The highly competitive cryptocurrency mining industry suffered from the bitcoin price drop. In February 2018 the price of bitcoin fell again, cutting mining rewards significantly (actors involved in cryptocurrency mining are reworded for its work on securing the network). Reporting massive revenues in 2017 and the first half of 2018, the once powerful mining companies are now reporting massive job cuts. Other challenges faced by the industry are due to its reliance on energy optimisation and new technology breakthroughs in dedicated chips. The struggle for the cheaper electricity and faster processors is continuing. Main chip manufacturers (like NVidia company) also reported bad results in 2018.
However, at the end of 2018 Blockstream announced the launch of its fifth satellite into the Earth’s orbit. This will complete the worldwide coverage of broadcasting bitcoin blockchain. From mid 2019, bitcoin users will be able to use a satellite dish instead of the Internet to connect to the bitcoin blockchain, and send/receive cryptocurrency.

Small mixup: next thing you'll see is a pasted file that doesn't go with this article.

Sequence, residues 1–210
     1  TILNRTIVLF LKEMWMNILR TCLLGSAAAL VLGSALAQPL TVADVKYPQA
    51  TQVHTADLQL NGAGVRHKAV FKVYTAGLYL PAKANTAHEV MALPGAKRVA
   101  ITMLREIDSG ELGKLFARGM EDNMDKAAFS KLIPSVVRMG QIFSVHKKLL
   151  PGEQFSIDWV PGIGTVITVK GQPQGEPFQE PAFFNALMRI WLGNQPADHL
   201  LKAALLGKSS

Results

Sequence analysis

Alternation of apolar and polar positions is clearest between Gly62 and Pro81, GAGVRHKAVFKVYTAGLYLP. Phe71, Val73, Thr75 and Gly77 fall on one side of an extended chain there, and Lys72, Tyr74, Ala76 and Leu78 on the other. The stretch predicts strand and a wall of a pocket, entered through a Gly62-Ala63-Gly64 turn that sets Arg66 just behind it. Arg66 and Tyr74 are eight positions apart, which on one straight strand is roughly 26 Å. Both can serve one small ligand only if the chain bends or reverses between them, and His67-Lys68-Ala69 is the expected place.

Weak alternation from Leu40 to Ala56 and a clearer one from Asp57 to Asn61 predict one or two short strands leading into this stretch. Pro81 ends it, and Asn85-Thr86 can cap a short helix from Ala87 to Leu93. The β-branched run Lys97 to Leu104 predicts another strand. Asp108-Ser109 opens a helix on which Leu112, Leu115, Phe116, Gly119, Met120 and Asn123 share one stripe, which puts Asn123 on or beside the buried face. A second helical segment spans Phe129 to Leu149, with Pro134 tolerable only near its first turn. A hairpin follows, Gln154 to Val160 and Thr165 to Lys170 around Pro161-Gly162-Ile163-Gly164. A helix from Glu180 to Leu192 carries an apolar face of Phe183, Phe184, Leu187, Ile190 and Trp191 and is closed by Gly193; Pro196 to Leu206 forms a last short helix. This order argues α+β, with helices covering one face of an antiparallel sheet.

All in all, we can see how industry around bitcoin responded to some of the challenges it faced last year with innovative infrastructure improvements.
Lightning Network: Illustration by Vladimir Veljašević
Government backed, or central banking institution issued cryptocurrencies were announced in 2017 and 2018 as one of the possible developments in the cryptocurrency arena, however, they have still not gained traction. Several projects are underway or in a research phase, but the most prominent news came from Venezuela when the country announced the start of the pre-sale of its official cryptocurrency, named the ‘Petro’. This national cryptocurrency is allegedly backed by the governments reserves in crude oil. Shortly after the launch, several countries announced that they will not accept the Petro as an official currency and expressed their concerns that Venezuela's regime is trying to bypass the sanctions imposed by the international community. As of yet, Petro did not gain a lot of popularity, despite the government attempts to promote it by offering a discount on oil if paid in the Petro cryptocurrency.
Ten years of bitcoin’s constant work remind us about the importance of global digital currency for the e-commerce boost, and the importance of financial freedoms online (financial inclusion).
2019 might mark an even tougher crackdown on unregulated security offerings trough ICO’s. Stay with us in 2019, and follow the cryptocurrency and blockchain developments on Digital Watch Observatory.
HODLer: Illustration by: Vladimir Veljašević